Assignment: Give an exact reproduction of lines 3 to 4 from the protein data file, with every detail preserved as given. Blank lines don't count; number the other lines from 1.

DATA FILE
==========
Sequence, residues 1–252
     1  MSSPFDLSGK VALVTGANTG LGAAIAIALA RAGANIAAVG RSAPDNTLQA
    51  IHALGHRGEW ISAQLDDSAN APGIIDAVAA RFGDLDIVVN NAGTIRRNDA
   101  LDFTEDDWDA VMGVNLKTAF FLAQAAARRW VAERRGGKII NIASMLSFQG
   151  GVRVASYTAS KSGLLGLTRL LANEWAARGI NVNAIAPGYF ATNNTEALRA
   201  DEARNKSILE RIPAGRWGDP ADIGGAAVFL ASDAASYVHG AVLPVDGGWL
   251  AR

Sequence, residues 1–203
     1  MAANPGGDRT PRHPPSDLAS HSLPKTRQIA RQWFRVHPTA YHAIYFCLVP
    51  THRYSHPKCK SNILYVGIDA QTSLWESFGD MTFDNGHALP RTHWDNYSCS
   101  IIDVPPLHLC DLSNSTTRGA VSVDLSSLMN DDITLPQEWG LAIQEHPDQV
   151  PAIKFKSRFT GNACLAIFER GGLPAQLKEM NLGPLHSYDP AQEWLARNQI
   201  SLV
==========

    51  IHALGHRGEW ISAQLDDSAN APGIIDAVAA RFGDLDIVVN NAGTIRRNDA
   101  LDFTEDDWDA VMGVNLKTAF FLAQAAARRW VAERRGGKII NIASMLSFQG